TRUMP: “The end result of the greatest Witch Hunt in U.S. political history is No Collusion with Russia (and No Obstruction). Pretty Amazing!” — tweet Saturday.
VICE PRESIDENT MIKE PENCE: “Today’s release of the Special Counsel’s report confirms what the President and I have said since day one: there was no collusion between the Trump campaign and Russia and there was no obstruction of justice.” — statement Thursday.
KELLYANNE CONWAY, White House counselor: “What matters is what the Department of Justice and special counsel concluded here, which is no collusion, no obstruction, and complete exoneration, as the president says.” — remarks Thursday to reporters.
THE FACTS: The special counsel’s report specifically does not exonerate Trump, leaving open the question of whether the president obstructed justice.
“If we had confidence after a thorough investigation of the facts that the President clearly did not commit obstruction of justice, we would so state,” Mueller wrote. “Based on the facts and the applicable legal standards, however, we are unable to reach that judgment.”
The report identifies 10 instances of possible obstruction by Trump and said he might have “had a motive” to impede the investigation because of what it could find on a variety of personal matters, such as his proposal to build a Trump Tower in Moscow.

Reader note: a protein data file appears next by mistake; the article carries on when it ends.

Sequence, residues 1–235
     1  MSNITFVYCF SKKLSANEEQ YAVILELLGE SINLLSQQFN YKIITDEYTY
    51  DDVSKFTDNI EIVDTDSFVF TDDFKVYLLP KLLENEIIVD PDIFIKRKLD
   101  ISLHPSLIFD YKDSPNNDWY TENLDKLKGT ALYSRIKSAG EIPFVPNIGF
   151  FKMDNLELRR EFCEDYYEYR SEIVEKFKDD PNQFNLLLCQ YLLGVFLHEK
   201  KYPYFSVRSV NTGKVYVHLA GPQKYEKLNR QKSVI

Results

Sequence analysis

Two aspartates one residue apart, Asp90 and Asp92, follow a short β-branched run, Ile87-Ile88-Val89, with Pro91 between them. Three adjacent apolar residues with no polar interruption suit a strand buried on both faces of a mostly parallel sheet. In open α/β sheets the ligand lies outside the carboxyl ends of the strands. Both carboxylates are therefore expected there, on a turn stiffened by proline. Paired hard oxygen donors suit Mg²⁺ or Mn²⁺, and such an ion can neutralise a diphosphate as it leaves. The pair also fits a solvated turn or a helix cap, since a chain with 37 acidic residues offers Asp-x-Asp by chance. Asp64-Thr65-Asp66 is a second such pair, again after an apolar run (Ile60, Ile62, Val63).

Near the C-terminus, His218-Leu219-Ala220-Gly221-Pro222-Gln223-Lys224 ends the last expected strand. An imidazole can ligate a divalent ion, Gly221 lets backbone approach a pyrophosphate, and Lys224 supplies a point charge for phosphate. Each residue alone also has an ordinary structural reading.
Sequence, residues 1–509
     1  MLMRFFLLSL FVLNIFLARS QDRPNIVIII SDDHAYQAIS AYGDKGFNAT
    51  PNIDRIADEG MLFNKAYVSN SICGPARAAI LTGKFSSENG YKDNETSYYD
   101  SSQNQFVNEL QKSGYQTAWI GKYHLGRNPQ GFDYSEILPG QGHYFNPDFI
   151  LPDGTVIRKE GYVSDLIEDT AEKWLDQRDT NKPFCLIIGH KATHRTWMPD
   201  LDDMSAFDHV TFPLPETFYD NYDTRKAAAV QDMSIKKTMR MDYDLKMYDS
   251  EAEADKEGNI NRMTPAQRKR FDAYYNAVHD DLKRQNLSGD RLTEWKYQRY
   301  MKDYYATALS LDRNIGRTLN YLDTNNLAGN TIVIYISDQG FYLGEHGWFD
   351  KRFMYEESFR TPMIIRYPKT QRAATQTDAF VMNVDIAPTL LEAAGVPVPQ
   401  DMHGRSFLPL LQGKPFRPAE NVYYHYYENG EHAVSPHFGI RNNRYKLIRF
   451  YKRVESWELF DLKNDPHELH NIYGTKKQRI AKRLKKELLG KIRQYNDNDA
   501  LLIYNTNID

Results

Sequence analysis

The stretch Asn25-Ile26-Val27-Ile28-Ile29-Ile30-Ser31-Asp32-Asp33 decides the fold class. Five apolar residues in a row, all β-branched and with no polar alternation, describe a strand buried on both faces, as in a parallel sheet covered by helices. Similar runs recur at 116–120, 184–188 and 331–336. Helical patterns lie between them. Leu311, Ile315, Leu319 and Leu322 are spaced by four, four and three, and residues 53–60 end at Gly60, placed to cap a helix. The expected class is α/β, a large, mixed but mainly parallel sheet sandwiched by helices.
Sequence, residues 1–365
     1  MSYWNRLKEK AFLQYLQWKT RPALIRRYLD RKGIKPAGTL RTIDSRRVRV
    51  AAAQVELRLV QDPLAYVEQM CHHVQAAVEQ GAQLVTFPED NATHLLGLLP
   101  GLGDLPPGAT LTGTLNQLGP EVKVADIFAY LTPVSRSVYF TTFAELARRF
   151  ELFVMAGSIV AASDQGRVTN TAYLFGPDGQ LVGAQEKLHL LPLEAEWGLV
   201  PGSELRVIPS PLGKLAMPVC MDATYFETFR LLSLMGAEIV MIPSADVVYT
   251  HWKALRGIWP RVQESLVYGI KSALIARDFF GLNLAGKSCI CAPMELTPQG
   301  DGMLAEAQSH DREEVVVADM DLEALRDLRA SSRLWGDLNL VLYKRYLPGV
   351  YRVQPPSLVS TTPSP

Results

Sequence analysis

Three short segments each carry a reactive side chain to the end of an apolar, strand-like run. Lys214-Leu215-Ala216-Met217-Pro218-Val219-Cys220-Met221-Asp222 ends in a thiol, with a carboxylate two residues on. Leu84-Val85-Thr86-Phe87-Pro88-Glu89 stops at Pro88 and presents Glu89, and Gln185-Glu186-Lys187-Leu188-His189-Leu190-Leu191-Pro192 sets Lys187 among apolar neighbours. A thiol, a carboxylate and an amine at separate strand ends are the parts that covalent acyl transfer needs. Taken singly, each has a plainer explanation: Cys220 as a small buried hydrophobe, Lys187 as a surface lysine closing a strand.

“The evidence does indicate that a thorough FBI investigation would uncover facts about the campaign and the President personally that the President could have understood to be crimes or that would give rise to personal and political concerns,” the report states.
In explaining its decision, Mueller’s team said reaching a conclusion on whether Trump committed crimes would be inappropriate because of a Justice Department legal opinion indicating that a sitting president should not be prosecuted. It nevertheless left open at least the theoretical possibility that Trump could be charged after he leaves office, noting that its factual investigation was conducted “in order to preserve the evidence when memories were fresh and documentary material were available.”